Sometimes I have to remind myself that my son is not me. He has my hands and my feet- but his face, skin and hair color are his mothers. His temperament is a mix of the two of us- but he already has a ton of my habits and mannerisms.
It is not surprising- what other man is he going to look to first. Sometimes I look at him and ask him if he is sure that I am his dad. He laughs and holds up his hand. A million years ago I showed him the special lines in his hand that prove that he is mine. He laughs again and tells me that he knows all of my tricks and then he grows silent.
He knows me well and understands that he can’t say that he knows all of my tricks without expecting something to happen. Sometimes I come up with something new and sometimes I just wrestle with him. Boys are like bear cubs, got to wrassle with them pups a bit. I rub my face against his and he yells at me that it is rough.
I laugh and he says it is not fair. I tell him that life isn’t fair and that grandpa used to do it to me too. He threatens to tell grandpa I said that and I encourage him to do so. He looks at me and growls- he knows that it has been decades since my dad could ground me.
We stop wrestling and I ask him if he is hungry. He nods his head and I take him into the kitchen and offer to get him a snack. Along the way I point at the smoke detector and ask him if he remembers what size battery it takes. We end up with some cheese and popcorn and sit at the table. While we eat I listen to him tell me stories about the things that interest him- sometimes I haven’t a clue what he is talking about but he loves it so I listen. (Side note: don’t think that this hasn’t happened to me as I am sure that parents/friends would nod their head in affirmation.)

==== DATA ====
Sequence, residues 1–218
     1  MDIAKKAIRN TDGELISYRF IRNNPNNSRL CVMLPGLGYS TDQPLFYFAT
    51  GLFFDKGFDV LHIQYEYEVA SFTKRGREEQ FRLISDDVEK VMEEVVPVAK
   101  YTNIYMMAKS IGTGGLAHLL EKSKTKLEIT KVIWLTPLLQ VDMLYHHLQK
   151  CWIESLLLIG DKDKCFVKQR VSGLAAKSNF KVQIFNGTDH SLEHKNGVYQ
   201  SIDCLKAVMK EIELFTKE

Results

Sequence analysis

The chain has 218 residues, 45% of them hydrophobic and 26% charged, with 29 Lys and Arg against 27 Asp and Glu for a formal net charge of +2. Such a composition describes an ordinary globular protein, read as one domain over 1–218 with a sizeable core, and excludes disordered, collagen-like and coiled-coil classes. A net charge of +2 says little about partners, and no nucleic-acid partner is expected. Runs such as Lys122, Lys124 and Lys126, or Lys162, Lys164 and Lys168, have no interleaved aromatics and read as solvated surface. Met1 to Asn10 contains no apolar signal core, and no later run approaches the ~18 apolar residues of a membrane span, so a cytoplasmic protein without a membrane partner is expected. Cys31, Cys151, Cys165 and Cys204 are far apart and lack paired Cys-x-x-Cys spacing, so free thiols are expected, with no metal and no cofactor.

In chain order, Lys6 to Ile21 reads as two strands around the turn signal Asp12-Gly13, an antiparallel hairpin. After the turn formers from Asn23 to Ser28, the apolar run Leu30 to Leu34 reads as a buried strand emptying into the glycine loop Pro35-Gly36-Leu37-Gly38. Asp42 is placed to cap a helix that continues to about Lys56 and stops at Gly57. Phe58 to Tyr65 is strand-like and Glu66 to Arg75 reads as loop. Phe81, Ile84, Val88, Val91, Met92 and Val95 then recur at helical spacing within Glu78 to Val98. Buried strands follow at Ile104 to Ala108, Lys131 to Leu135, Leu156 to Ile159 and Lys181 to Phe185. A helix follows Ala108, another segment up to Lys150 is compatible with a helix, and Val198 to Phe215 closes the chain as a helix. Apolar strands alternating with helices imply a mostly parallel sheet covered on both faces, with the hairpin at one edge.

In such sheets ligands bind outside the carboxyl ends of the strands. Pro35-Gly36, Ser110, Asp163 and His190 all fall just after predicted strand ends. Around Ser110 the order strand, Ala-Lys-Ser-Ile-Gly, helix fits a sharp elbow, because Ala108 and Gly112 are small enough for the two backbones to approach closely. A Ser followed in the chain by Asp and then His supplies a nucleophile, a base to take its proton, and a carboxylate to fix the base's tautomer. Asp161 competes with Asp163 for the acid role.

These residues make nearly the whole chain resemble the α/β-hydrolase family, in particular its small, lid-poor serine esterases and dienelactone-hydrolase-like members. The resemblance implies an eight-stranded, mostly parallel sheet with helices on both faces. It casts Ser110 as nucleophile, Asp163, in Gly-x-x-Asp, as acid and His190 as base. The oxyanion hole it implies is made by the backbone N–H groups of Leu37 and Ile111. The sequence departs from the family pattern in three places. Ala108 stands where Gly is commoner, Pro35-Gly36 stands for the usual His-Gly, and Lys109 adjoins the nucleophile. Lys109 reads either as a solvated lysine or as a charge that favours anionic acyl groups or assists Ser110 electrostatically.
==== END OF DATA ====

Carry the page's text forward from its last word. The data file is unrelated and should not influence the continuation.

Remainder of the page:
In between tales of Pokemon, Star Wars and his friends I talk to him about soccer. A new season is about to start and I have some advice. We talk for a moment about goals, objectives and strategy and then I tell him to be more aggressive.
“When you are on defense, go get it! Take that ball away from the other guy!” He looks at me and nods his head. It is not the first time I have said it- but I am a bit shy about it. Shy because I realize that I am asking him to play the game the way that I would and I am not sure that it is fair.
It doesn’t matter what sport I play- I am aggressive. I don’t know how to play any other way other than as hard as I can. I make up for lack of talent by just going for it at hyper-speed. It is not really fair for me to expect him to play exactly as I do- he isn’t me.
He may resemble me in so many ways and have the manners to go along with the looks- but he still isn’t me. So I make a promise to myself to try and let him develop his own game. I hope that he will emulate me, but if he doesn’t that is ok because my son isn’t me.